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CNN Reporters Share Their Perspectives as Women of Color Covering an Election Year

CNN Reporters Share Their Perspectives as Women of Color Covering an Election Year

CNN Film: On the Trail: Inside the 2020 Primaries

As the Democratic National Convention wrapped up last night, and with the Republican National Convention approaching, general election season is just around the corner. Television plays an especially important role during election seasons, as millions of Americans tune in to stay informed of the news, learn, and get perspective on the country's state of affairs. It's therefore the job of those TV network reporters and journalists to report the facts and to bring a comprehensive and inclusive view of current events. 

In a CNN film recently released on HBO Max, On the Trail: Inside the 2020 Primaries, audiences get an up close and personal look into the lives of a few of CNN's anchors and video producers who are women as they broke news on the primary election campaign trail this past spring. But as the country continues to come to grips with systemic racism, it's the reporters of color in the film who demonstrate why it is critical to have diverse perspectives in front of and behind the camera, especially during an election year. During a virtual panel for the Television Critics Association press tour, CNN Senior National Correspondent Kyung Lah, and CNN Video Producer Jasmine Wright, discussed how their experiences as women of color affect the news cycle and what people see on TV.  

One of the film's more pivotal moments came when Wright questioned why reporters weren't looking more into Sen. Amy Klobuchar's (D-Minn) past record as a prosecutor handling racial justice issues, and why this wasn't being featured more prominently in the news. At the time, Klobuchar was still in the running for the presidency. Ultimately, after filming had concluded, Klobuchar's past record in this area did become a problematic factor that may have taken her out of the running for the Democratic vice presidential nomination. As a Black woman, Wright had foreseen a lot of this early on in her reporting as a video embed assigned to Klobuchar. 

"In my experience, I think that it is always important to pay attention to race relations in this country and the experience that minorities are having in this country regardless of what time it is in the voting schedule, what state is coming up, or why we perceive it to be important. Because that is what the fabric of America is, right? It's white people, it's Black people, it's Asian people, it's Latino people, Latinx people, it's everyone," said Wright. Wright added that she hopes the recent nationwide unrest over racial injustice will lead to more prominent reporting of people of color and the challenges that they face in America.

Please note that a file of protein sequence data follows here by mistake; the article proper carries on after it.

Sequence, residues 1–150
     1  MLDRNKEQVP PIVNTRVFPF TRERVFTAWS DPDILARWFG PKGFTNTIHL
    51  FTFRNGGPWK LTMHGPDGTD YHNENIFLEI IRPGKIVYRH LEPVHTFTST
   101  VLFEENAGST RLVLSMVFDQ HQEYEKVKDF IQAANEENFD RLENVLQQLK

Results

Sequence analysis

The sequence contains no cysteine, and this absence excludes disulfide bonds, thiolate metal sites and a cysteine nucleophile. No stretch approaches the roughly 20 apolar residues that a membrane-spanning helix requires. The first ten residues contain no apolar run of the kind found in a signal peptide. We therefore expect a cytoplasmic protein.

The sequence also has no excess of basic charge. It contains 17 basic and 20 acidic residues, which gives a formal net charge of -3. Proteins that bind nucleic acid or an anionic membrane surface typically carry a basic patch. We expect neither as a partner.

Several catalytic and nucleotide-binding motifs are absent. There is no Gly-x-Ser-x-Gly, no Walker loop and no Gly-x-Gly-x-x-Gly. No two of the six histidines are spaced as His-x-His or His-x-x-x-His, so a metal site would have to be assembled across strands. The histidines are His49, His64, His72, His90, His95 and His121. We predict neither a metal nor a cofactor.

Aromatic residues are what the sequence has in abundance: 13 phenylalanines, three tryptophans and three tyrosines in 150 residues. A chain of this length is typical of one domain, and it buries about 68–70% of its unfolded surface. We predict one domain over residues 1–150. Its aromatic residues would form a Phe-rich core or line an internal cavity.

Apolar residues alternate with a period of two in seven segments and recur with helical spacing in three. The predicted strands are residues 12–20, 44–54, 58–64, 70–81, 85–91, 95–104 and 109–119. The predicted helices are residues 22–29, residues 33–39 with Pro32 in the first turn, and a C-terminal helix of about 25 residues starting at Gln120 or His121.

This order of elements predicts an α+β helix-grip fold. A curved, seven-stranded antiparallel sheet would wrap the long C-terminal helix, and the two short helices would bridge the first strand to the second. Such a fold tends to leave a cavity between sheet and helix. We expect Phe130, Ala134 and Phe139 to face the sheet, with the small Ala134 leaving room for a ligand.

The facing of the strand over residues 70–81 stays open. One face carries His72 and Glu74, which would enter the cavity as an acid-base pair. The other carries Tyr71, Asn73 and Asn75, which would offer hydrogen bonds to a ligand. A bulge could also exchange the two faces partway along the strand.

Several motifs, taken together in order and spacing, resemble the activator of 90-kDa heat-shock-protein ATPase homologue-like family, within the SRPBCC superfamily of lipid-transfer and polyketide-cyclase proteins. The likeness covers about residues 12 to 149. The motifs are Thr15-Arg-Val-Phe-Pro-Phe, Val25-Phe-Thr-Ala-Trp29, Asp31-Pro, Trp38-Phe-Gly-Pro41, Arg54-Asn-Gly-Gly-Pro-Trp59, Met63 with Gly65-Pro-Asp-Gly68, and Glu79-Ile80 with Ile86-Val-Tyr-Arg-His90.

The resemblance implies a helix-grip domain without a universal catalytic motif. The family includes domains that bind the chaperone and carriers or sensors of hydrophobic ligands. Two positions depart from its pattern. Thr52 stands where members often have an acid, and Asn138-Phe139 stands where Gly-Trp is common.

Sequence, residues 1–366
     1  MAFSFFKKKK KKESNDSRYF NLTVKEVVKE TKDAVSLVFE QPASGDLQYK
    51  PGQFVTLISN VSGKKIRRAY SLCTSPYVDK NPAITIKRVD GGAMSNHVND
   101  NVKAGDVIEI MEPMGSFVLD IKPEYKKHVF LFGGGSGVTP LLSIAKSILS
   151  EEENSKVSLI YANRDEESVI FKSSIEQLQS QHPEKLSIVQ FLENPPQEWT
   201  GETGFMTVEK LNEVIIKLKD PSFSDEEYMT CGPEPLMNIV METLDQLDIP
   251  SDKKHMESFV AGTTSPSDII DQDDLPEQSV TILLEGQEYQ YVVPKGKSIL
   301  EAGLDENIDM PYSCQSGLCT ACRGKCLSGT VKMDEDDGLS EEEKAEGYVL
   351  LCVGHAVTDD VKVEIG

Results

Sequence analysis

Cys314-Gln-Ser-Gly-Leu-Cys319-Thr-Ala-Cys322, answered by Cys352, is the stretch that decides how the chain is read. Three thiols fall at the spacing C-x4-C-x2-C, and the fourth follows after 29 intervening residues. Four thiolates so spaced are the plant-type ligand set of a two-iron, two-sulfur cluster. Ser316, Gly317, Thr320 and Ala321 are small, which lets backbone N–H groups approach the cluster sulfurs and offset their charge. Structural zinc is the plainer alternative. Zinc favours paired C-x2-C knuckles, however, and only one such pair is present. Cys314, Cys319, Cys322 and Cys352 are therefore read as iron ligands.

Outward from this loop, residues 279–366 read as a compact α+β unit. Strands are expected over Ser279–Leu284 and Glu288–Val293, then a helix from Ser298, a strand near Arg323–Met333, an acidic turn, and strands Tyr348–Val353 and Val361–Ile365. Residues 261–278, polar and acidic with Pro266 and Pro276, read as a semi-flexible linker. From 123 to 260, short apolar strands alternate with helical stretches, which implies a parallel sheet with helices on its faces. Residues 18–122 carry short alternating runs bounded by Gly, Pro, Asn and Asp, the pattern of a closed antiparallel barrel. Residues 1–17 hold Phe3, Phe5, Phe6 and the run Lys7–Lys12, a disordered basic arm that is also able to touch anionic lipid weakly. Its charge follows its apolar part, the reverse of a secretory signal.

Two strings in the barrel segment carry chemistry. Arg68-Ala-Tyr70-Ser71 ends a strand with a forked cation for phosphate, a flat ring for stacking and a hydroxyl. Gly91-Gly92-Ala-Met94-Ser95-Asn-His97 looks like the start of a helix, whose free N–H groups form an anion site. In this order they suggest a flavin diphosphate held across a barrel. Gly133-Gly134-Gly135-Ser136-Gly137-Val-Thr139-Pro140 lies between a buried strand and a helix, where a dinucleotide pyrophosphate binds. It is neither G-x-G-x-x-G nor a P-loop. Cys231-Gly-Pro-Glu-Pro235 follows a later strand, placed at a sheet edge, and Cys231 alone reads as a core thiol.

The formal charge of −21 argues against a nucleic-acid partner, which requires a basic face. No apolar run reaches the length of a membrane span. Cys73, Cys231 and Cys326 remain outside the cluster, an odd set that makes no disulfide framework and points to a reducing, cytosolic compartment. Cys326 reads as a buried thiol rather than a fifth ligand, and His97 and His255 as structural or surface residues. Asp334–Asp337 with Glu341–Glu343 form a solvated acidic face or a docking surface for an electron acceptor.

Lah, who is Asian American, also pointed out that it's important for people to acknowledge that reporters are each going to approach a news story differently due to their age, gender, income status, and background, and that is ok. In fact, it's necessary. 

"I think both of us, as women of color, because there aren't a whole ton of us, even though it is changing in the world of politics, we wanted to be authentic. We want to have other women who look like us cover the news, to run for office," said Lah. "We don't represent this whole group of people, but we want to be as authentic as possible because you don't have to be a certain way, or look a certain way, or believe a certain way to do this job. And that's the same thing with running for office. These candidates are imperfect and they are women, and they come from different backgrounds, and we want to report on them as honestly as possible. And so, we want to be honest, so that people out there will engage and want to be a part of democracy, because we have all got to be a part of it, in all of our ugly forms."

The film's executive producer, Katie Hinman, also shared that one of her Black colleagues often has to answer to the question of whether she can objectively cover race relations in America without bringing her own biases to it. "And [Sara Snider, CNN correspondent] always points out that nobody's asking that of the white guys who have been covering these stories for years," said Hinman. "So, I think one of the points we were hoping to make in the film is that diversifying our newsrooms is really important. Because when you look at these issues through the spectrum of a wider lens of different people's life experiences, you get a better product that better reflects America."